Previous studies have focused on how various factors affect detection probabilities on auditory point counts (Simons et al. 2007, Alldredge et al. 2007b, c). Our main focus in this field test was to examine the singing process and potential biases that may exist with the time-of-detection method. The singing rate of individual birds was simulated following a Markovian process. We felt that singing bouts followed by periods of silence were more realistic than a truly random process (Collins 2004). The process is represented by two parameters; the probability that a bird does not sing in interval i, given that it did not sing in interval i-1 (γ), and the probability that a bird does not sing in interval i, given that it did sing in interval i-1 (γ’’).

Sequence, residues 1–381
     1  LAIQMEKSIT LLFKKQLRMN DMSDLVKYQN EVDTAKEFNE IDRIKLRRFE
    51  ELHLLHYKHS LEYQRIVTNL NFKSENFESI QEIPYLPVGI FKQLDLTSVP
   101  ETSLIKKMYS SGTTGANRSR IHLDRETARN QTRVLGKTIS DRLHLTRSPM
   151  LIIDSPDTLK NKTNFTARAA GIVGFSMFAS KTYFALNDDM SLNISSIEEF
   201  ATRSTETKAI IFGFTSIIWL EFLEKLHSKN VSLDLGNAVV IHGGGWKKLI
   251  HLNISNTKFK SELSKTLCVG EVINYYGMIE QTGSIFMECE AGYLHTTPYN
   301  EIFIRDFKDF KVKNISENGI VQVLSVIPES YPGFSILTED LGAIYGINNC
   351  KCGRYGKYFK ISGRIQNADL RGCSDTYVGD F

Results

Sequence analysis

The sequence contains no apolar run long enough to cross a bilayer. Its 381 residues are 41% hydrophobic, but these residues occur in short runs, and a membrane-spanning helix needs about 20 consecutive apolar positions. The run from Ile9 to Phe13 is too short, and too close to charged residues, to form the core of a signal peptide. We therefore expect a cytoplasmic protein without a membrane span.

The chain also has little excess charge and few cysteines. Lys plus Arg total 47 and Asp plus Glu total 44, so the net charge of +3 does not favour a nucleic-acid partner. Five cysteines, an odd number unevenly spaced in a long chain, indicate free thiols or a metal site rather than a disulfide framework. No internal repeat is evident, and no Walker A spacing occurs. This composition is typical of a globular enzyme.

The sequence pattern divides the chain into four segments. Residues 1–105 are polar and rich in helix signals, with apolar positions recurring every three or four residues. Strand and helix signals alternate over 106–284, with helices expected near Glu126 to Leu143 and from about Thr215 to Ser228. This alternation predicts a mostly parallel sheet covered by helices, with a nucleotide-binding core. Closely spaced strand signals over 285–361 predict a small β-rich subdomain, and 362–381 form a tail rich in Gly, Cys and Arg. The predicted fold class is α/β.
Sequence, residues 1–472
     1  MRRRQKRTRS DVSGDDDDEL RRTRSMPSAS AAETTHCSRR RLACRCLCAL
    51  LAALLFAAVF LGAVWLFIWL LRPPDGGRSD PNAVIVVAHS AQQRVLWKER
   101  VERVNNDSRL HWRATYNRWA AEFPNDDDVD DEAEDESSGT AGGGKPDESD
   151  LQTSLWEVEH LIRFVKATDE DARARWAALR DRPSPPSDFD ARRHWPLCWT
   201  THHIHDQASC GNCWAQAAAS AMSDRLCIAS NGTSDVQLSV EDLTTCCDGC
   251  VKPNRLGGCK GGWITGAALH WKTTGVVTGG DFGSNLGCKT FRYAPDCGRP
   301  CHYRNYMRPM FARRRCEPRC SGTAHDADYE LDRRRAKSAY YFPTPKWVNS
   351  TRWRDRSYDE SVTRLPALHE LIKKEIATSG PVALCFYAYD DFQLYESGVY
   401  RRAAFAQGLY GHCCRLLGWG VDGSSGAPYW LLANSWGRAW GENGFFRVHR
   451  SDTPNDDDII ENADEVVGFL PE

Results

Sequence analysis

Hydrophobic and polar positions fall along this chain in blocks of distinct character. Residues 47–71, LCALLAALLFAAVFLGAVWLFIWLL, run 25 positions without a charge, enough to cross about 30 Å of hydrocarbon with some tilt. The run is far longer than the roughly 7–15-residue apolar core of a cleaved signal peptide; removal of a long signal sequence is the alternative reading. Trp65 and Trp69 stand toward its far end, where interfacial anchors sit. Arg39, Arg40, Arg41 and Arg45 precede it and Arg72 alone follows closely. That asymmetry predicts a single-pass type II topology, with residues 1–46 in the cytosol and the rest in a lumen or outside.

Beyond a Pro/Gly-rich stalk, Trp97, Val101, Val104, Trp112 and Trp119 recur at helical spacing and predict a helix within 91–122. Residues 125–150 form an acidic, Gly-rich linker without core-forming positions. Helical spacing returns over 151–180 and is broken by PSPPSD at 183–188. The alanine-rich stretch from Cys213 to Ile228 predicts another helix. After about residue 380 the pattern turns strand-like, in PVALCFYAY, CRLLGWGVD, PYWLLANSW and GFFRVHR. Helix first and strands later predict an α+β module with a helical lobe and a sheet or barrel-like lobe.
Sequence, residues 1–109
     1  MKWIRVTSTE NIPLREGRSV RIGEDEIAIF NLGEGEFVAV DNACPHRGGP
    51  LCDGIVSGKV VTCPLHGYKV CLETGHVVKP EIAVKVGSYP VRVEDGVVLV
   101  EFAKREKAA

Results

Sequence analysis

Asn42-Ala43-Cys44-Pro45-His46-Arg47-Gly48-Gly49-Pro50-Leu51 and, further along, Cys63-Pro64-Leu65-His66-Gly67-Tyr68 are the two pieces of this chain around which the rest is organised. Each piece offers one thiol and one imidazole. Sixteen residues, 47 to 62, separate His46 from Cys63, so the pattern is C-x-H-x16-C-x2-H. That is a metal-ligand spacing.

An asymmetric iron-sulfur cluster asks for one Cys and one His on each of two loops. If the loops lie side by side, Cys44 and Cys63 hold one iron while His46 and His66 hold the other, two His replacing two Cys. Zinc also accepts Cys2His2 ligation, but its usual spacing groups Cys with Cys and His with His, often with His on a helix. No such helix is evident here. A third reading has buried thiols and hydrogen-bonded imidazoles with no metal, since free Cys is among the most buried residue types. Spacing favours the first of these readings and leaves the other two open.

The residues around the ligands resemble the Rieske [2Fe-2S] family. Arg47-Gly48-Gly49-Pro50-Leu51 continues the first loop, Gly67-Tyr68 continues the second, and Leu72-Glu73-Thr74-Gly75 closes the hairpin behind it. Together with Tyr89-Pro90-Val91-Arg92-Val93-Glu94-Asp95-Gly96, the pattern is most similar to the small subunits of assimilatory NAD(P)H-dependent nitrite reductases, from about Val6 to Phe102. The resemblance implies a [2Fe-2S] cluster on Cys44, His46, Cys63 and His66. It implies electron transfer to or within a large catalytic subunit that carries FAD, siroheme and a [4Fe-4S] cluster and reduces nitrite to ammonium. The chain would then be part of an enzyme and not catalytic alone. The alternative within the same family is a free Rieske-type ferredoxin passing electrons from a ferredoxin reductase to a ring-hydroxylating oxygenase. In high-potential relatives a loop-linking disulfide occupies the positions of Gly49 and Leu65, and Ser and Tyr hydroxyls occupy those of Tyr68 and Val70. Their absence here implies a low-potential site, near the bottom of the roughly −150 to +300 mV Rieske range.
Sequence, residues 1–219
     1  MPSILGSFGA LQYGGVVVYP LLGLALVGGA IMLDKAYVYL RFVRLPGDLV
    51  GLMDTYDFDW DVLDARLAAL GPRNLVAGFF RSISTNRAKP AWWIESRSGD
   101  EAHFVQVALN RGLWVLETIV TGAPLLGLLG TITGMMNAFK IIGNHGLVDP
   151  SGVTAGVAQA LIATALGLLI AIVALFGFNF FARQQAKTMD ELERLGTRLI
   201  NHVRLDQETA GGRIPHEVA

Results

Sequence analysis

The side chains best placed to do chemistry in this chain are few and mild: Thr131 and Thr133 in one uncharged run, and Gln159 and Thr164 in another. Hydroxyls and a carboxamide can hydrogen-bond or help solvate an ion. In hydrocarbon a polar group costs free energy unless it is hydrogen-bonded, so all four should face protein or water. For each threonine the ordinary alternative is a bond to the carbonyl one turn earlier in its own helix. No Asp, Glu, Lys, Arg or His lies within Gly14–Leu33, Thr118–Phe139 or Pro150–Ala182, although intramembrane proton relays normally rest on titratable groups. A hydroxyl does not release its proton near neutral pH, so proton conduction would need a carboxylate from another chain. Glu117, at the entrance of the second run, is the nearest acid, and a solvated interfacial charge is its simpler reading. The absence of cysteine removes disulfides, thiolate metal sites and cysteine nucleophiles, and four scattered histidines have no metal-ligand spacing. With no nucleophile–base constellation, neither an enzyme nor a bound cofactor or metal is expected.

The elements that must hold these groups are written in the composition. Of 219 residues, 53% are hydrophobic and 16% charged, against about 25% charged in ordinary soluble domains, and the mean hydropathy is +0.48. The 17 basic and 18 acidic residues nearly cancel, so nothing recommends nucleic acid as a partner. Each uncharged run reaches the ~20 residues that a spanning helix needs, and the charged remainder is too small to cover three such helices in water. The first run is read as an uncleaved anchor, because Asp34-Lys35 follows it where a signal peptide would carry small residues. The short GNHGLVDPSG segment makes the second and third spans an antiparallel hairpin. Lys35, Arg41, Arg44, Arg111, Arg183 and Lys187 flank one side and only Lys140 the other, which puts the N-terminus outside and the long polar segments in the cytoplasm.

Six of the eight species of interest were simulated under this Markovian process, and the true population size was manipulated so that the number of birds actually played during the experiment for each species was 100. The first three species considered (HOWA, BTNW, and YTWA) were all simulated with a constant or homogeneous probability of singing at least once in an interval. Their probabilities of singing in at least one of the four 2-min intervals were 1.0, 0.8, and 0.6, respectively (Table 1). Total simulated populations of these three species were 100, 125, and 167, respectively. Singing rates during intervals in which these birds sang were six to nine songs per minute based on Robbins et al. (1983). The fourth species, BAWW, had an overall homogeneous probability of singing at least once in the total count of 0.8, but singing rates varied within the intervals in which the birds sang. Half of the simulated BAWW sang two songs per minute and the other half sang eight songs per minute. The total population of simulated BAWW was 125. The fifth and sixth species ACFL and SCTA, were simulated with heterogeneous probability of singing at least once in an interval. The overall populations of ACFL and SCTA were 133 birds. Fifty individuals were simulated with a probability of 1.0 of singing during the count, and 83 individuals were simulated with a probability of 0.6 of singing during the count. Singing rates for intervals in which a bird sang were six to nine songs per minute for these two species.